Monday, June 11, 2012

Made in China

Before I move on from our excursion in China, there's one more topic I want to tackle. Since moving to Guam, I have become a lot more aware about where the products I buy come from. Part of this is because living out here, where every single item (except fresh produce and fish) has to be specifically shipped, that extra step (and fuel) often makes items more expensive than in the States. Even if it's still a price you're willing to pay, often the process of it getting here seems so ridiculous, I lose all desire for it.

A quick example is the bag of frozen shrimp from the commissary. Since growing up in Florida, I am pretty particular about where my seafood comes from. The shrimp come from the waters around Thailand, head to the USA for distribution, are distributed to commissary channels, then flown back to Guam. By the time they get to the freezers here, those shrimp have traveled more air miles than 70% of all Americans (basing that on the stat I heard that only 30% of Americans have passports). My paleo palate cringes at the thought of consuming something that has traversed the globe (twice).

Another example is all the excitement of going back to the States to shop at places we Guamanians harp on about missing, like Target, that incredible, one-stop shop where you can get all that cute stuff you need all in one place (I can't believe they have Starbucks inside them now too... that is genius... multiple addictions to feed all in one place!). But these last few times back in the States, I have left Target underwhelmed. Just about everything in there was made in China... or Bangladesh... or Thailand... or the Philippines. It seemed really stupid to fly all the way from Guam to peruse the shelves of things made just hours from my home, only to lug them back across the giant ocean. I started to wonder if anything is made in America anymore (I also still wonder why the Occupy movement didn't adopt the "Buy American" platform as one mass consumer solution to creating jobs and jump starting the economy. They had the attention of millions... sigh).

Traveling to all of these Asian countries has been a blast, but when it comes down to buying souvenirs and such, it doesn't seem to matter where you are. Thailand, Korea, Singapore, etc. So many of the things to buy there are made in China. It takes a lot of the fun out of finding some authentic gift for a friend back in America when everything was actually made in China, just like all the products at Target, right down the street from where your friend lives.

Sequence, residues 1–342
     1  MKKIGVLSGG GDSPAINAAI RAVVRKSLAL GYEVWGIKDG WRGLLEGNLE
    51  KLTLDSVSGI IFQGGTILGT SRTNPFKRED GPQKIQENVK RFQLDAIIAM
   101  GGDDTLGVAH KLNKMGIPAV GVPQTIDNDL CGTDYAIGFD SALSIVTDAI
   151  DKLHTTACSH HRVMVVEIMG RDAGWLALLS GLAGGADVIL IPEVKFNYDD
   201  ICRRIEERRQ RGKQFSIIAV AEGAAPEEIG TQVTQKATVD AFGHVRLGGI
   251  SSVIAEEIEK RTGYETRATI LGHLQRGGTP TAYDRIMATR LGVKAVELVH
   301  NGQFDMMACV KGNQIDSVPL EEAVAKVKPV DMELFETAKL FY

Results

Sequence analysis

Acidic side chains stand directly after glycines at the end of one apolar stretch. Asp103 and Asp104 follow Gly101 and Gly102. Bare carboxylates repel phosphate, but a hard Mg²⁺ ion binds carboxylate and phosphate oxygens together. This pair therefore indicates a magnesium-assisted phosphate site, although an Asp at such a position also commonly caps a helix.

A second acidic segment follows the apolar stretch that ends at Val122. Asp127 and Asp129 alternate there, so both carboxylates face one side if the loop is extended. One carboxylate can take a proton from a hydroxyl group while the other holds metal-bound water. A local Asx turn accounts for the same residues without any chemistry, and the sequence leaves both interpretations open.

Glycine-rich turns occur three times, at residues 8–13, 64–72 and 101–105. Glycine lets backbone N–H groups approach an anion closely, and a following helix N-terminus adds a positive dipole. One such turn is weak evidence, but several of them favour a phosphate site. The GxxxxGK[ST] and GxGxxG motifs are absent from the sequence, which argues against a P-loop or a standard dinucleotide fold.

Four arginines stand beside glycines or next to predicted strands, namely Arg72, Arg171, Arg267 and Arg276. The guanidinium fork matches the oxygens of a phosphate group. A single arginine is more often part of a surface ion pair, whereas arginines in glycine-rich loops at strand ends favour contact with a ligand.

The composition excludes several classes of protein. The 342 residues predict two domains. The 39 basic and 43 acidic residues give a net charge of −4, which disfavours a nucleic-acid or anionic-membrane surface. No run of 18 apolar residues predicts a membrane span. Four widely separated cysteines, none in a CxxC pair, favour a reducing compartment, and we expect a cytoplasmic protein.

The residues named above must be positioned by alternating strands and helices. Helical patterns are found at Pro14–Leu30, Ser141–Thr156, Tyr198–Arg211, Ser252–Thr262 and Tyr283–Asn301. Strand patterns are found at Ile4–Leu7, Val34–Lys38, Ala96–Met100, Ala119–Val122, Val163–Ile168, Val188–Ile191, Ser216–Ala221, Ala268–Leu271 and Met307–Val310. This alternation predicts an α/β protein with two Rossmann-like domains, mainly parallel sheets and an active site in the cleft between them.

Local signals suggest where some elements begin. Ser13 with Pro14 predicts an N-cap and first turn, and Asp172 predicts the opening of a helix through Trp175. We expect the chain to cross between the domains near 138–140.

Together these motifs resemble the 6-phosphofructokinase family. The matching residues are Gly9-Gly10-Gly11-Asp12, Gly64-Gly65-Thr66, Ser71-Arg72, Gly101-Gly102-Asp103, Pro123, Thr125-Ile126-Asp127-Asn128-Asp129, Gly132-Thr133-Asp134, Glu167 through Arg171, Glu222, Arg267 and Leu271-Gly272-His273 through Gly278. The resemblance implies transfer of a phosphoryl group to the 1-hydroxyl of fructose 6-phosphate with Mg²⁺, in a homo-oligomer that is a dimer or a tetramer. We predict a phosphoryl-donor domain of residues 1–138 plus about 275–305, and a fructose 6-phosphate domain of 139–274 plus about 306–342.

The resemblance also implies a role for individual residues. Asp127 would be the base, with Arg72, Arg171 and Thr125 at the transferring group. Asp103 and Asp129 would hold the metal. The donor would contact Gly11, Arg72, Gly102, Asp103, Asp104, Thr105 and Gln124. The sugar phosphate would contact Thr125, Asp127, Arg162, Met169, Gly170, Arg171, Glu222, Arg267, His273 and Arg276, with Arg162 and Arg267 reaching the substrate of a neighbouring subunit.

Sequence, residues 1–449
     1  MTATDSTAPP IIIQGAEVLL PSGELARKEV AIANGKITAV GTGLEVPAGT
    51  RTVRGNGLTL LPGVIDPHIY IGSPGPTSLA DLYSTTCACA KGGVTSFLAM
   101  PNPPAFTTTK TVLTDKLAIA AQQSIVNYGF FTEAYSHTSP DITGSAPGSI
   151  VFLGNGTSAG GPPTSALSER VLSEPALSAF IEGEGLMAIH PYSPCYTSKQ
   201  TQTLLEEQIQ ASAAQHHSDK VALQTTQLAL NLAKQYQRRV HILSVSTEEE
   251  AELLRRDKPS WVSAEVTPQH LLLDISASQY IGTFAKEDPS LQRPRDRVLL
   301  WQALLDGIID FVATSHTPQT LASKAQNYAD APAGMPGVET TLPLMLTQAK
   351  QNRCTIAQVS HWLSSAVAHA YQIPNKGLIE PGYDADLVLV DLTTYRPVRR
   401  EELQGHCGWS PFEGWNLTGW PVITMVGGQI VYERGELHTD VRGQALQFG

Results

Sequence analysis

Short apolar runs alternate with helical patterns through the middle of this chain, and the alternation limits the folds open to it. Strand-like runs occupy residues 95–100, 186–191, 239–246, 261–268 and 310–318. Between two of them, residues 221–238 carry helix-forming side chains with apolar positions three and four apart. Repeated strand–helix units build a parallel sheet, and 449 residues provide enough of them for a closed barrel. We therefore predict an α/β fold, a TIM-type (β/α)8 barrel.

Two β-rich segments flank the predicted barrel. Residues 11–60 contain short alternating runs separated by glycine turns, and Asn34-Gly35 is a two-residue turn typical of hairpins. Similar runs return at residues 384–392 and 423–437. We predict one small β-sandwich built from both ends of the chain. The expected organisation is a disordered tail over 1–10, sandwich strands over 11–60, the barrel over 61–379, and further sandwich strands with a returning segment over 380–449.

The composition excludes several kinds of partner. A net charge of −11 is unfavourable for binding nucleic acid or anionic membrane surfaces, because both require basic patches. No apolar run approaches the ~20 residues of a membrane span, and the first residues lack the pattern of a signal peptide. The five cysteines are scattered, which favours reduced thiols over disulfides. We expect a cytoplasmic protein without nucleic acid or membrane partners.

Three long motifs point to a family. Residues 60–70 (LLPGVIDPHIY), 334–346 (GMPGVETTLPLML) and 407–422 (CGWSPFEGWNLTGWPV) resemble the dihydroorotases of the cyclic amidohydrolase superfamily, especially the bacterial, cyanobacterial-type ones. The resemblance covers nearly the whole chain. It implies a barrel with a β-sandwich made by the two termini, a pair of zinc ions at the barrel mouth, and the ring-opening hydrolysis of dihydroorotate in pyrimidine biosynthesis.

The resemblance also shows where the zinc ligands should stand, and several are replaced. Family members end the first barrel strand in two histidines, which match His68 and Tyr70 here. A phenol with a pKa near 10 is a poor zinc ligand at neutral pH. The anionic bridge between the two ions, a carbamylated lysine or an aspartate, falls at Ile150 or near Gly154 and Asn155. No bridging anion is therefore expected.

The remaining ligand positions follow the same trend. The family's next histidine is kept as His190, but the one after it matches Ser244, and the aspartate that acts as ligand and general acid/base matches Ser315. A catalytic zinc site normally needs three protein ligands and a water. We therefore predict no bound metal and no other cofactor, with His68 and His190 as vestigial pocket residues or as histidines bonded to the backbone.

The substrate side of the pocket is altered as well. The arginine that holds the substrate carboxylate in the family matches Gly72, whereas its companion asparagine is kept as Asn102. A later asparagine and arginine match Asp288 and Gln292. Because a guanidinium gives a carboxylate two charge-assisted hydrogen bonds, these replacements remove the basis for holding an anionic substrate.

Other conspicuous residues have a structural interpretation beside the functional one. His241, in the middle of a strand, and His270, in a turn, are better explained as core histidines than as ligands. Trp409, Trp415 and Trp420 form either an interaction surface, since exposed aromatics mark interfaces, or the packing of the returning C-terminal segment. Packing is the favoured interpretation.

So actually being in China looking for souvenirs was great! No guilt about buying things made in China! One of my favorite discoveries of the entire trip was stumbling upon this paper flower shop in the old part of Beijing. The shop was completely empty of people except for the lady at the counter who was molding a piece of white paper into the shape of a lily. I was in awe but bought just one flower since we were at the first stop of our first day of touring. We went back to the shop on the last afternoon of our last day so I could peruse the selection and pick out an entire bouquet.
I hand-carried the fragile paper crafts back with me so they wouldn't be damaged in the long journey back. They now sit beautifully arranged in a vase on our kitchen table. I am usually opposed to fake flowers, but these flowers aren't trying to be real. They are art.

Many of the handicrafts we saw in China impressed us. We saw massive copper vases, etched by hand. We ran our fingers across beautiful silk prints and marveled at ornate coffee tables carved completely from jade. The Chinese are incredibly talented, patient, and hardworking artisans, and they have beautiful things to show for themselves. Part of me thought, no wonder Americans seek out products made here.

With all we saw in China, I know there was so much more that we did not see. We did not see any of the factories where all of those Target products are being made en masse getting ready to ship across the Pacific Ocean to our American shopping carts. My sister tipped me off to The Story of Stuff, a 20-minute YouTube video you might want to check out. Apparently all of the stuff we buy has an average shelf life of six months. American consumers (all of us) have been groomed to buy, buy, buy... and throw away, throw away, throw away. So we keep basking in the glory of new inexpensive stuff and money keeps flowing through the system. The kink in the chain for me is that after traveling to these places, it's harder to ignore the fact that very little of that money is making it into the hands of the hardworking people who actually make these products. Americans gasp about human rights but still insist (through the purchases we make) on having mass quantities of cheap products made overseas.